Family Magazine

Telling Your Family About A Mental Health Issue

By Therealsupermum @TheRealSupermum

ID 10015187 300x198 Telling Your Family About A Mental Health Issue

Thanks to the stigma attached to a mental health issue, it can be frightening to confide in others about you condition. Some fear that being honest and confessing to others about how they really feel will result in them be laughed at or being told it is just all in the mind.

Others fear that it will change the way people look at them. In many cases the fear of speaking out will postpone being truthful about how they are feeling and the mental health issue will continue to go untreated.

This is how mental health issues affect people, they fear rejection from others and do not feel important enough to be able to ask for support.

Some still assume that mental health issues are somehow less serious than physical conditions and because a physical condition is usually something that can be seen, there is a tendency to rate them as being more serious than mental health issues. But depression and other mental health issues makes their victims feel so badly that they kill themselves – so it is only right that they are treated seriously too.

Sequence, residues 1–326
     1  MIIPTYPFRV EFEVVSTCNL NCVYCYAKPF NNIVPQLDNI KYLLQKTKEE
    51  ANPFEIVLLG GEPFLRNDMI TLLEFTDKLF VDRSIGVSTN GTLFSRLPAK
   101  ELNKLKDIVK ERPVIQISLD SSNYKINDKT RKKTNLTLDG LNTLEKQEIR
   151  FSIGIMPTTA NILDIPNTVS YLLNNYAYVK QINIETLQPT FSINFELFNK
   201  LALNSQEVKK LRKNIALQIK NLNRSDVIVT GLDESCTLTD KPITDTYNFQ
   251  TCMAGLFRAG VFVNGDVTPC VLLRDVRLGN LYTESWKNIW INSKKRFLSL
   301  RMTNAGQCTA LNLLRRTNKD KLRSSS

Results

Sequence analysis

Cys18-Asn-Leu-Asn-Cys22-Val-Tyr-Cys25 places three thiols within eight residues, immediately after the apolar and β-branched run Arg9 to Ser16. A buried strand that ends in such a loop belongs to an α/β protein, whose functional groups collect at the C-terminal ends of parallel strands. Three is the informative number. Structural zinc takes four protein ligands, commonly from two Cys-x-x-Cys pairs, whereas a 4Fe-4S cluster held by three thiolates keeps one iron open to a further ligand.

In the majority of cases, the anxiety of telling a family member of a mental health condition will be judged wrong. They will be concerned and want to help them in any way they can.

Your family has a right to know that mental health issues are causing you stress and upset. They would be upset and feel betrayed somewhat if you keep it a secret and feel like they are the ones letting you down.

How To Tell A Family Member About Your Mental Health Issue

  • Speak with the most trusted and closest family member to you first to brake the ice
  • Having a close friend there to support you when you tell your family can help
  • Write down some key points of what you want to say, these can prompt you if you become frightened or unsure what to say
  • If speaking is too frightening write down what you want to say and give the letter to a family member
  • Be honest when you speak about your mental health, don’t be tempted to put on a brave face
  • Prepare yourself for various reactions, try not to take negative or shocked reactions to heart, allow them time to adjust
  • Choose a good time, don’t dive right in if the family is in the middle of an argument for example
  • Don’t be surprised if others reveal they too have suffered from mental health in the past

There are bound to be lots of questions asked about your mental health issue,  be sure to research and be armed with as much information as you can be.

The more you are able to discuss, the more support you can receive.

A trusted family member could be appointed to become your main supporter and accompany you to mental health appointments and ensure any medication is collected and taken.  Allow them to support you and feel like they are helping.

How did you tell your family members about your mental health issue? 

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